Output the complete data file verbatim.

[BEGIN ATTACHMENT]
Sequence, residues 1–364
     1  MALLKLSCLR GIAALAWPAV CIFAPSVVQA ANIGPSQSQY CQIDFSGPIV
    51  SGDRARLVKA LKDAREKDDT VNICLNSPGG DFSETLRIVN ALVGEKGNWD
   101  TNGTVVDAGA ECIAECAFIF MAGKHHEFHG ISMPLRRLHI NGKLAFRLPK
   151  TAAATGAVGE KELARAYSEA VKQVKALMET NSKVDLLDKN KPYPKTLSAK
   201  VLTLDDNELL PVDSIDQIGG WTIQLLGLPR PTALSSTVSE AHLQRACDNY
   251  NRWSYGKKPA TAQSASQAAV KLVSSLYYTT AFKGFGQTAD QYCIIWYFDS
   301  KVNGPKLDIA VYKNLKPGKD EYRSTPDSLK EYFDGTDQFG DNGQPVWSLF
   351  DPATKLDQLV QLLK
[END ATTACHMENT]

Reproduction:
Sequence, residues 1–364
     1  MALLKLSCLR GIAALAWPAV CIFAPSVVQA ANIGPSQSQY CQIDFSGPIV
    51  SGDRARLVKA LKDAREKDDT VNICLNSPGG DFSETLRIVN ALVGEKGNWD
   101  TNGTVVDAGA ECIAECAFIF MAGKHHEFHG ISMPLRRLHI NGKLAFRLPK
   151  TAAATGAVGE KELARAYSEA VKQVKALMET NSKVDLLDKN KPYPKTLSAK
   201  VLTLDDNELL PVDSIDQIGG WTIQLLGLPR PTALSSTVSE AHLQRACDNY
   251  NRWSYGKKPA TAQSASQAAV KLVSSLYYTT AFKGFGQTAD QYCIIWYFDS
   301  KVNGPKLDIA VYKNLKPGKD EYRSTPDSLK EYFDGTDQFG DNGQPVWSLF
   351  DPATKLDQLV QLLK